This honesty is a crucial part of Moses’ obedience. He bore his heart to God, and God affirmed His promises, reminding Moses, “I will take you to be my people, and I will be your God, and you shall know that I am the Lord your God, who has brought you out from under the burdens of the Egyptians.” He compelled Moses to keep moving forward — and Moses obeyed.

If we aren’t willing to face challenges for the glory of God, our worship-life will become like Pharaoh’s — one of convenience. If we wait to act until the circumstances are just right and all our anxieties are assuaged, our worship will become like Pharaoh’s. We must exit our comfort zone. And the thing is — it doesn’t have to be a titanic task like liberating the Israelites. It can be as simple. Help your spouse when they are stressed. Start your day with scripture-reading. Ask a friend about their faith. Invite a non-believer to dinner. Turn to the Lord every day, not just in storms.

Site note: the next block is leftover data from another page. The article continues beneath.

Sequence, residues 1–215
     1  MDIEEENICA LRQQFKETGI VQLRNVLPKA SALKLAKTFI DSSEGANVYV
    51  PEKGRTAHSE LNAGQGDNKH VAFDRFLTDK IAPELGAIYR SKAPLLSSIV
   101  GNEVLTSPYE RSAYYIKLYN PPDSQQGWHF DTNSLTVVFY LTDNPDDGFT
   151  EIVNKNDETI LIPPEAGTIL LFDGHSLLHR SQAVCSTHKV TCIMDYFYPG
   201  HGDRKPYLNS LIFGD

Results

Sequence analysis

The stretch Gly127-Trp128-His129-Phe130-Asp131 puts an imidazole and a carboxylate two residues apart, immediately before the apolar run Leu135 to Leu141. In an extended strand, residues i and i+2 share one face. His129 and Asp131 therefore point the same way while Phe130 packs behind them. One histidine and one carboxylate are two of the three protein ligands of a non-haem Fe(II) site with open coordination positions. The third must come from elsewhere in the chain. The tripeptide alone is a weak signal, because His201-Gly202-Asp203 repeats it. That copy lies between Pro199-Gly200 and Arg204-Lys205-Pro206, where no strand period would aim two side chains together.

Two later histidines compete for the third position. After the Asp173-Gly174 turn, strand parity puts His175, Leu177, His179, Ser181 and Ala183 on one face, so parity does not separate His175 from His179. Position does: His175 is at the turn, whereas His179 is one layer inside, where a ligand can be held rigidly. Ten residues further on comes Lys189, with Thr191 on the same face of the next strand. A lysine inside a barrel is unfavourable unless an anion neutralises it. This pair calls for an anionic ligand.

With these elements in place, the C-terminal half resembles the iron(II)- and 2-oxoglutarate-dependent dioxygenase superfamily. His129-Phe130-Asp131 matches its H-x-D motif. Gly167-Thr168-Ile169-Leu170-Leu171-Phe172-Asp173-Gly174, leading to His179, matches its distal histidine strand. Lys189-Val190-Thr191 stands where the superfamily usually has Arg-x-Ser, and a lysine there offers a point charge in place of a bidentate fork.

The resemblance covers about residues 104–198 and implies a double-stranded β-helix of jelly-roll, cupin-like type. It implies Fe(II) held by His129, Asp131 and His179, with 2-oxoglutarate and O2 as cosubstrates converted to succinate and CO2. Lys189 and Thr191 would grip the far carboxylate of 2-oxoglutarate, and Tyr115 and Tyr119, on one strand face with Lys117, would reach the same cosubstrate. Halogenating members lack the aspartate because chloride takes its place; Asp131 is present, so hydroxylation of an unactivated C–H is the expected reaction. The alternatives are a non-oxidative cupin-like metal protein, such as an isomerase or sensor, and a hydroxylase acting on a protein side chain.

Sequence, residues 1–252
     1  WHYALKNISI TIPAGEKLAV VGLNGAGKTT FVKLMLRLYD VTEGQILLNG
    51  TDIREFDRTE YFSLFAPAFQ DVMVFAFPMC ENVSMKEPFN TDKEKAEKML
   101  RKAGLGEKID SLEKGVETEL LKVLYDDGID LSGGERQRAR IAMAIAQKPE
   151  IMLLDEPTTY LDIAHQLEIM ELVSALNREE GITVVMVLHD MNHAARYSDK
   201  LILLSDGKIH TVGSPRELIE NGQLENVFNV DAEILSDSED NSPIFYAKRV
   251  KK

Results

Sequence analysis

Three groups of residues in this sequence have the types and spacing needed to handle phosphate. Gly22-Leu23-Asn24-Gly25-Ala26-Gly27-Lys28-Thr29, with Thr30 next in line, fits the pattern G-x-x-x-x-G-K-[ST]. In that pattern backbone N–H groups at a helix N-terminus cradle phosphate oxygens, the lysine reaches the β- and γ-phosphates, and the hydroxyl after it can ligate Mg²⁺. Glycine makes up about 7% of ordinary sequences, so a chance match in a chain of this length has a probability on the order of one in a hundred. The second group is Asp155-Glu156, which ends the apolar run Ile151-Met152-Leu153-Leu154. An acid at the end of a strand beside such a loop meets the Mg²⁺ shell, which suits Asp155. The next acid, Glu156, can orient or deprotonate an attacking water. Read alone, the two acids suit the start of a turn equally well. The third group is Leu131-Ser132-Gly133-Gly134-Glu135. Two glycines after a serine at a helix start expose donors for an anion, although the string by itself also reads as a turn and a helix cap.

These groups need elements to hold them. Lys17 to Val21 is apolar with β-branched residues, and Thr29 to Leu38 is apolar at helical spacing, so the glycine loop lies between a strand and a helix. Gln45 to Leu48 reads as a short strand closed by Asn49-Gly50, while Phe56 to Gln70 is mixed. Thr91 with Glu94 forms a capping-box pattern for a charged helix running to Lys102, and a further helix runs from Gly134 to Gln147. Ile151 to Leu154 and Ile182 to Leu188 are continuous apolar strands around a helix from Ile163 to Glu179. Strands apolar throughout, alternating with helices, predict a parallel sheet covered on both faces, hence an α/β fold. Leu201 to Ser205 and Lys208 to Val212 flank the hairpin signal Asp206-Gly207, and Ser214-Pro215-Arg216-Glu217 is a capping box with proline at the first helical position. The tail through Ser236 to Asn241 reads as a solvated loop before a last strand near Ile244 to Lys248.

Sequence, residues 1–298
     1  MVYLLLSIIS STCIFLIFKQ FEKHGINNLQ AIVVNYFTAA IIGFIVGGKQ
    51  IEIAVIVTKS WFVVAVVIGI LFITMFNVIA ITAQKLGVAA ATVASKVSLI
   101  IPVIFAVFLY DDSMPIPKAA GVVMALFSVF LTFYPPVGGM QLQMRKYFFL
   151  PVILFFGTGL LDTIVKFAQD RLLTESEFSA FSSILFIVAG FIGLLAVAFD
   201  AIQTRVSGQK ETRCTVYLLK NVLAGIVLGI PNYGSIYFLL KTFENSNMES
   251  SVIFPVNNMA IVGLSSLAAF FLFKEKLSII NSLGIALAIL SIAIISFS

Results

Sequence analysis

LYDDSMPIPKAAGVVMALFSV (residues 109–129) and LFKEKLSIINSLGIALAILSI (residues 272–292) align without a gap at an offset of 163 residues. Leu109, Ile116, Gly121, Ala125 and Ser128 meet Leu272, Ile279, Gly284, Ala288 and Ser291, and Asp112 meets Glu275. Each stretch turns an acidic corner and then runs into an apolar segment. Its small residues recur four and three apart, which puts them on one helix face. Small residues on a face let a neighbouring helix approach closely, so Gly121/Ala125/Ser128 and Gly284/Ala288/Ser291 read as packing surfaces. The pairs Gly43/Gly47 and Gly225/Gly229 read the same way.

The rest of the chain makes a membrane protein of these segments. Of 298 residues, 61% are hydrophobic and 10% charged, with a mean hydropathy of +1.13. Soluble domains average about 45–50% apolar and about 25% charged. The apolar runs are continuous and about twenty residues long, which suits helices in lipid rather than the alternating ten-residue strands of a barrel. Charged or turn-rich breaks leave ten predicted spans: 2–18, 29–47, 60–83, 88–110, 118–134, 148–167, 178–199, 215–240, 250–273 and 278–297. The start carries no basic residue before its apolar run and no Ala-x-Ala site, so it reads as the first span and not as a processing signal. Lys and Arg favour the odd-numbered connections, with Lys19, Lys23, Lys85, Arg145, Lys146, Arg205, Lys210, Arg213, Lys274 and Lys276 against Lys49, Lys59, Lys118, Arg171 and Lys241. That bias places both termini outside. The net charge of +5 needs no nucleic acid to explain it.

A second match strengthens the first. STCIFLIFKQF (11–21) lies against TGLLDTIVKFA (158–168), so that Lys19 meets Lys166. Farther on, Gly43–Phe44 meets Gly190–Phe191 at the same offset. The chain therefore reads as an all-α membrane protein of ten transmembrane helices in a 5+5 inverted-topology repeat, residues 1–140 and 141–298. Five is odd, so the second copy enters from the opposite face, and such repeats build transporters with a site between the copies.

Had Moses stayed in Midian, his life might have looked much like Pharaoh’s — a comfortable life of self-sufficiency, punctuated by momentary, tragedy-induced worship. When God called him to give up his life, he obeyed, and everything changed. God has placed the same call on our lives. Jesus says to us, “If anyone would come after me, let him deny himself and take up his cross and follow me. For whoever would save his life will lose it, but whoever loses his life for my sake will find it.” (Matthew 16:24-25).

When we only seek amidst storms, when our worship is Pharaoh-like, we must follow Moses’ example to break free. With our loving Father’s encouragement, we must act, and follow, in faith.